The room service waiter loads the meal onto the tray and brings it to the appropriate room. The guest dictates where they want their room service tray. According to the guest’s preference, the waiter places the tray on the bed or sets up a room service table.

    Each hotel must decide how they want to handle the clearing of room service dishes. Some instruct guests to telephone when they want their dishes cleared, others allow guests to leave their dishes in the hallway. The latter option offers convenience for the guest who ordered the meal but forces other patrons to walk past discarded food scraps and dirty dishes.

    Do Hotels Have to Offer Room Service?

    While you do not have to offer room service at your hotel, choosing to forgo it may not align with your customers' expectations, leading to disappointment and negative feedback. Hotels with three-, four-, and five- stars must have accessible food options, so make sure you offer dining in another form before slashing room service and your stars with it.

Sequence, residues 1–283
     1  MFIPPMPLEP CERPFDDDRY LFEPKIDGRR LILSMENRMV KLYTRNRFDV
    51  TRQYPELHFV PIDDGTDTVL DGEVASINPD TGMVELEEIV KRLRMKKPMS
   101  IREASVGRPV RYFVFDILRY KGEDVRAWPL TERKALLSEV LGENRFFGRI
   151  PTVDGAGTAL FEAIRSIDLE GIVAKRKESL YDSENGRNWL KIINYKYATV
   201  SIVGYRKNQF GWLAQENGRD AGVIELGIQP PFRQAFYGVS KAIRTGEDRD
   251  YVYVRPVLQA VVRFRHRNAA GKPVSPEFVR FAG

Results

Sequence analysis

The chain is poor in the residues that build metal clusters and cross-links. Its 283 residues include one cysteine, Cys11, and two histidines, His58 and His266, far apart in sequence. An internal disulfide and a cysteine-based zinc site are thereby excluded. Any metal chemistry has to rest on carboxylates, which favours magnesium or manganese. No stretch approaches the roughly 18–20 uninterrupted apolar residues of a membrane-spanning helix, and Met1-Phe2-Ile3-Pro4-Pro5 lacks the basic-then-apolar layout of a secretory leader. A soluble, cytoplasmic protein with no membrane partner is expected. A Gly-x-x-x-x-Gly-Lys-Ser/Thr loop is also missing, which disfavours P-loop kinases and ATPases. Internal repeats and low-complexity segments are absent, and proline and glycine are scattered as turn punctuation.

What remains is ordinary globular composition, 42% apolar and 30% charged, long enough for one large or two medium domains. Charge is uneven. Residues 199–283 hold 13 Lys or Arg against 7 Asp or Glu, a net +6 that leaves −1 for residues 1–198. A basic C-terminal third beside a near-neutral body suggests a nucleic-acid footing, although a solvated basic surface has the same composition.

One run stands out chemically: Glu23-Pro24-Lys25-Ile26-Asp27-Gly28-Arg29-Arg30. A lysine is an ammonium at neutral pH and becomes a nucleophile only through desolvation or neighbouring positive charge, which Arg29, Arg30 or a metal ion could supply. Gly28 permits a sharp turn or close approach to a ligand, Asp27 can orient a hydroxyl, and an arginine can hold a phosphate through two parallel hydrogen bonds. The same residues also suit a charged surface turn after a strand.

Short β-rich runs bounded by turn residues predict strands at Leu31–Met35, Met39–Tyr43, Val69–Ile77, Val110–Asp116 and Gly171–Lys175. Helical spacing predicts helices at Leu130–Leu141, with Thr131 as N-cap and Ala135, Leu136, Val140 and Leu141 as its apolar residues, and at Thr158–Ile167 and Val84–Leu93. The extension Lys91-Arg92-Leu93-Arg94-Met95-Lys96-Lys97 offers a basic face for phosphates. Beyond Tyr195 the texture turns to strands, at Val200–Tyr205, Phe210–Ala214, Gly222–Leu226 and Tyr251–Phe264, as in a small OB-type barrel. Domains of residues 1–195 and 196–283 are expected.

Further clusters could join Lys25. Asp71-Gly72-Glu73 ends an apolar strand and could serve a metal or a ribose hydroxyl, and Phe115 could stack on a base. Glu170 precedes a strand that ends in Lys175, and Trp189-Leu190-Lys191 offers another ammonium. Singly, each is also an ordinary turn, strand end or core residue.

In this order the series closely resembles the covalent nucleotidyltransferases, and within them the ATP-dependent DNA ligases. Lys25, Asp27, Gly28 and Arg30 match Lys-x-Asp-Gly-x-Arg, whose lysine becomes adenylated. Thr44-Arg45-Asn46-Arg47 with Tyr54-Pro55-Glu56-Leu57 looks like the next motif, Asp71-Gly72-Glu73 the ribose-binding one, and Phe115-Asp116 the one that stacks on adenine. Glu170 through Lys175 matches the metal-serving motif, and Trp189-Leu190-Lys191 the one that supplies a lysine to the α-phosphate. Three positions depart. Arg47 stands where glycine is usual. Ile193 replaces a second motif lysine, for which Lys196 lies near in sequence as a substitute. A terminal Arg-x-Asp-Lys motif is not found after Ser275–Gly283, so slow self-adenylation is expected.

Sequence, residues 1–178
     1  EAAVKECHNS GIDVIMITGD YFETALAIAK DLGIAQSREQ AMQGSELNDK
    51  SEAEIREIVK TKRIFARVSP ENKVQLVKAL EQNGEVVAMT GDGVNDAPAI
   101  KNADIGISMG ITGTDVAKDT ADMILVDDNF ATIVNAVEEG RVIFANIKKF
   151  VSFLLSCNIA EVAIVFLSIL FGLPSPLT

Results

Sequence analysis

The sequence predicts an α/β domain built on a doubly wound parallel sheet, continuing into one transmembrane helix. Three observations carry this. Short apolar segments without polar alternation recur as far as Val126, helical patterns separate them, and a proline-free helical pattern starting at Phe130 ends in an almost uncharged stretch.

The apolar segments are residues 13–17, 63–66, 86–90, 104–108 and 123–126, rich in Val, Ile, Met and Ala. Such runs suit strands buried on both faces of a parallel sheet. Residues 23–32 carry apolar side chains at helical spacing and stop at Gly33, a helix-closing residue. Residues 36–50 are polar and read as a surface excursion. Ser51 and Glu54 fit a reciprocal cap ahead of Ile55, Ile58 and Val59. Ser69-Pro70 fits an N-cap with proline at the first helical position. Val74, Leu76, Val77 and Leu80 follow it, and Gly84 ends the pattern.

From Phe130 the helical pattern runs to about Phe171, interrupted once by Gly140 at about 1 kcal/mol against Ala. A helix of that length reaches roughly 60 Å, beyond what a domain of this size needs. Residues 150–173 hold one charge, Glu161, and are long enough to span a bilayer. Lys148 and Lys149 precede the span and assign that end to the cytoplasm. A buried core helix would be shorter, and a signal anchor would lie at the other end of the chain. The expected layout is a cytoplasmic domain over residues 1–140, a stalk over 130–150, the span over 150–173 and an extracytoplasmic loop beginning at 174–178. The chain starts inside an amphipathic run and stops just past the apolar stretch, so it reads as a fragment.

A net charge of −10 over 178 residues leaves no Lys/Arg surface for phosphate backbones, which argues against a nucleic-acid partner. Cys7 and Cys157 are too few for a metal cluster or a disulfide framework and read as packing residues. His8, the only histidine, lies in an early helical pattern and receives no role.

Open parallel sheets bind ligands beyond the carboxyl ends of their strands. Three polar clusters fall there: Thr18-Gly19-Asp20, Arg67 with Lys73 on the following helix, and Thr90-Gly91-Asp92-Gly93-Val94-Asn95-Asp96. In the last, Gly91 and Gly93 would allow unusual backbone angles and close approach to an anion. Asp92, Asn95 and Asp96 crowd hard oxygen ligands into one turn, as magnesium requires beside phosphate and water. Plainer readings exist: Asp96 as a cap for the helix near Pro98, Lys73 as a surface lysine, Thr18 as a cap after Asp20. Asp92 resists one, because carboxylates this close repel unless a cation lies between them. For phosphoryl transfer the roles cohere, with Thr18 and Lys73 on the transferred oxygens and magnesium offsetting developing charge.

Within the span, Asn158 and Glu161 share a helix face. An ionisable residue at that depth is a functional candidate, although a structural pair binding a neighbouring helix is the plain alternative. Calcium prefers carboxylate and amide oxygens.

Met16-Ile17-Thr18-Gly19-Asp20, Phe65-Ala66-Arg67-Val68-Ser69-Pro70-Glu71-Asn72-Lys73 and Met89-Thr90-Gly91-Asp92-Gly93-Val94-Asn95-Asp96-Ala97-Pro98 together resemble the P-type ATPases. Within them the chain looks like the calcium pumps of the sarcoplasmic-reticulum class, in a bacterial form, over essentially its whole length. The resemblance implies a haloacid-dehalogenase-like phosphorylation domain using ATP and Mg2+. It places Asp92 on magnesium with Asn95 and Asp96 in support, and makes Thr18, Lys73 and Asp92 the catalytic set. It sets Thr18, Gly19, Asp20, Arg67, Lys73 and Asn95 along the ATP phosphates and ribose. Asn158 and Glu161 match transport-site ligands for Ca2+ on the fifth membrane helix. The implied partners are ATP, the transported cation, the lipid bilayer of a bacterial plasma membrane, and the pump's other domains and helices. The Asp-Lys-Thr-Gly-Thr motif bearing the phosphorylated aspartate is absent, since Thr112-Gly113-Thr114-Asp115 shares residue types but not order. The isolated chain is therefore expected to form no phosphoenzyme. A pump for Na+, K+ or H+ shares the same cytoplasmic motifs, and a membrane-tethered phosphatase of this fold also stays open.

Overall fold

How Much Is Room Service at a Hotel?

    The average room service tabs in Las Vegas and New York City are $68.

    Room Service History

    New York City’s acclaimed Waldorf Astoria began delivering meals to guests’ rooms in 1931, and room service was born. Other hotels followed in the Waldorf’s footsteps, and room service became a hospitality industry standard. However, when the Hilton New York Midtown hotel announced it was discontinuing its room service in 2013, hotel managers questioned whether in-room dining is still relevant in today’s market. Hoteliers continue to grapple with tradition and practicality as they forge the modern room service experience.

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    Before you make your decision on whether you’ll be offering room service at your hotel, it is important to evaluate your location and demographic. Catering to your customers’ needs and interests will be an essential element to the success of your hotel business.

    Posted in: Management & Operation | By Corrinn McCauley